5. Very good - Peter Stanford is an excellent guide to various graveyards in England and also in France and Italy.He is always respectful and considerate of all he sees, and his comments are thought provoking too. Clearly a very nice man, a good, loving father (he takes his children along on some of his travels) and an ideal companion for such a tour.Having just returned from a few days visiting the Somme battlefields in Northern France, I found the chapters covering the Commonwealth War Graves par [...]

    6. An excellent book which, through a tour of significant graveyards in the author's world, provides a deeply reflective series of essays on civilisation's approach not just to death throughout the ages, but also what it means to be remembered and how one wants to be remembered. From Ancient Rome to Paris to England, this is an absolutely fascinating analysis of our obsession with remembrance after death, with a level of unexpected emotion as the author asks us to contemplate his and our own mortal [...]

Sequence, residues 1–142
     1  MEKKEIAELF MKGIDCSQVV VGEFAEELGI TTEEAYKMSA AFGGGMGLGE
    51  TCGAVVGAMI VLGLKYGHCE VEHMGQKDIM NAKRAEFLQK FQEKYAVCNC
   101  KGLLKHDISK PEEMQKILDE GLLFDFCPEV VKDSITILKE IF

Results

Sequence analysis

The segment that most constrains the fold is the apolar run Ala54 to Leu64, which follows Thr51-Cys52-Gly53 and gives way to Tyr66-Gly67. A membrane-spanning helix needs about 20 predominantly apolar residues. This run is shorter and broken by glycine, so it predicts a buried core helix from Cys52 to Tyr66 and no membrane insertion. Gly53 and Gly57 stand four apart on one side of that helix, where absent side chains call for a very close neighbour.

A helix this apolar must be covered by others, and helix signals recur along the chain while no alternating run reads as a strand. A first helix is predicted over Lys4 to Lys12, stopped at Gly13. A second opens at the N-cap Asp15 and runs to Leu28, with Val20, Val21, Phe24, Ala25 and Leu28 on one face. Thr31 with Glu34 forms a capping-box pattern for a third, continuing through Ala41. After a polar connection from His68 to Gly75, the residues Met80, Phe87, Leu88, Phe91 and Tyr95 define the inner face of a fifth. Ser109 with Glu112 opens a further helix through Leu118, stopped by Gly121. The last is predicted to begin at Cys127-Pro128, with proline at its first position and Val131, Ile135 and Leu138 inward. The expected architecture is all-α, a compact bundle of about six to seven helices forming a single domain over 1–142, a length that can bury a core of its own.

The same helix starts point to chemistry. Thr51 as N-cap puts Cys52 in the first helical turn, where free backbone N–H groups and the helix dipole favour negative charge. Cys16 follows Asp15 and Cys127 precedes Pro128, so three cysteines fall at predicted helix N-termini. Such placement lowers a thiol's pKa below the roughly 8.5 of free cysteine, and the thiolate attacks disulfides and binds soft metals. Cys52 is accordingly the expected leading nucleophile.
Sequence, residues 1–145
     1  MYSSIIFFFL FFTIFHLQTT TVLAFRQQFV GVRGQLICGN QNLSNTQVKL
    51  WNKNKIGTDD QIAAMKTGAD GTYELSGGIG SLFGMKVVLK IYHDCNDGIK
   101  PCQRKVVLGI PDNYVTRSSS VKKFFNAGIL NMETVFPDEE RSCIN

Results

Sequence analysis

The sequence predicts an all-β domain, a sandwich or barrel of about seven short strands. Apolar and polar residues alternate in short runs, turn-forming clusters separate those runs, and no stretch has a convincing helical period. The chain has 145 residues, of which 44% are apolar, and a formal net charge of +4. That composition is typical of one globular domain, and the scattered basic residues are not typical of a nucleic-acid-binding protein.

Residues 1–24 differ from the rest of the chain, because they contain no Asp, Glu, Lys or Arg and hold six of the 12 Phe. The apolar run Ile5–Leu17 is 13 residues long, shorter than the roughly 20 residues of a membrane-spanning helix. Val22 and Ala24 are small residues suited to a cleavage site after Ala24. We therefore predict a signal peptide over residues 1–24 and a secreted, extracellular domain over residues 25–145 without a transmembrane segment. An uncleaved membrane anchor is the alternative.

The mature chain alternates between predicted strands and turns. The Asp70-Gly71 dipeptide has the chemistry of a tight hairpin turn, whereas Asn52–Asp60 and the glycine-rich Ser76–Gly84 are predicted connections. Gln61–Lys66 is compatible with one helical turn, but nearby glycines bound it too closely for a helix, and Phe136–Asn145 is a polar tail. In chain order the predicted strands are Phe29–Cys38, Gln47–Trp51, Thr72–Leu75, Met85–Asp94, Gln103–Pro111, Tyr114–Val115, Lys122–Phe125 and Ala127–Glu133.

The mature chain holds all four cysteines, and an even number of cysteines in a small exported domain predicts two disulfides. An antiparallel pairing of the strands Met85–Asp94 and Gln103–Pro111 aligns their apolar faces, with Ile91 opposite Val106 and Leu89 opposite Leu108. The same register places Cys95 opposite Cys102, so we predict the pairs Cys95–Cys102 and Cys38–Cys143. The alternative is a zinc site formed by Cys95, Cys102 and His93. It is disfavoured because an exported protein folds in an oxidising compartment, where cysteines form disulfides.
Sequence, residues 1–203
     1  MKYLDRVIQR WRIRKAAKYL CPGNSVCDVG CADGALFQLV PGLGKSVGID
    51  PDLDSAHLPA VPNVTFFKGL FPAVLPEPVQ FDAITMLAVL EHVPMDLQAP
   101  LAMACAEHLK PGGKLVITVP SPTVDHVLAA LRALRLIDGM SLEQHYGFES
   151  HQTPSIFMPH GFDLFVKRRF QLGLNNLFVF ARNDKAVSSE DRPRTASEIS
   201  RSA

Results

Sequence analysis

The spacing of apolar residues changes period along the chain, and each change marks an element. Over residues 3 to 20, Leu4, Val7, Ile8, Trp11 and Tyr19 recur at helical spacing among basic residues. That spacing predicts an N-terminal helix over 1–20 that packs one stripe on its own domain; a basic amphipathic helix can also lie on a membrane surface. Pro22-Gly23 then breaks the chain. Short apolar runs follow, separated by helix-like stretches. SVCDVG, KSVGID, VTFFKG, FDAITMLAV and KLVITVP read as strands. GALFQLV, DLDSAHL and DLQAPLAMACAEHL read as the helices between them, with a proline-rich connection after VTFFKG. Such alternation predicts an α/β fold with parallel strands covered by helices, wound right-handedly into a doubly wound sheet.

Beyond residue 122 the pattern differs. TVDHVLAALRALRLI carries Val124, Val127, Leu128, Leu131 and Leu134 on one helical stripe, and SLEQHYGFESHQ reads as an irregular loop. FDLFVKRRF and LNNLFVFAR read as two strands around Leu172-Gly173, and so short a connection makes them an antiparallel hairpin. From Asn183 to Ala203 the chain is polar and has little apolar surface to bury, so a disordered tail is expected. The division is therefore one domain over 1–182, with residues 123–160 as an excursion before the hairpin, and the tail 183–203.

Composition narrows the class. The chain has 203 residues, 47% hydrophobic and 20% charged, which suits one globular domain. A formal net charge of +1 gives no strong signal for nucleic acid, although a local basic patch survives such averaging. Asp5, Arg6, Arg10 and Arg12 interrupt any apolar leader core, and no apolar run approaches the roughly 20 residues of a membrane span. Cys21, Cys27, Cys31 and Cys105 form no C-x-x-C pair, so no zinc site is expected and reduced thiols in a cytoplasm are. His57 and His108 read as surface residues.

7. If, like me, you have a morbid fascination for graveyards then this book will satisfy your curiosity and feed your habit nicely. The author, Peter Stanford, is as good a writer as he is a speaker (I had the honour of attending a lecture by him recently). The book is written in an informative manner without being heavy and has little anecdotes scattered through it to keep the reader interested. You may or may not be interested in graveyards, but this book is certainly worth a read.

    8. An intriguing look at the history of death, burial, cemeteries and our general avoidance of facing our mortality. The look at the soldiers' burial grounds was interesting, with the difference between the facilities used for Allied vs. Axis soldiers & how the surrounding communities treated each. I particularly enjoyed the final cemeteries visited that offer "green" or "natural" burials - a way to change our funerary rites that have remained stagnant since the Victorian age.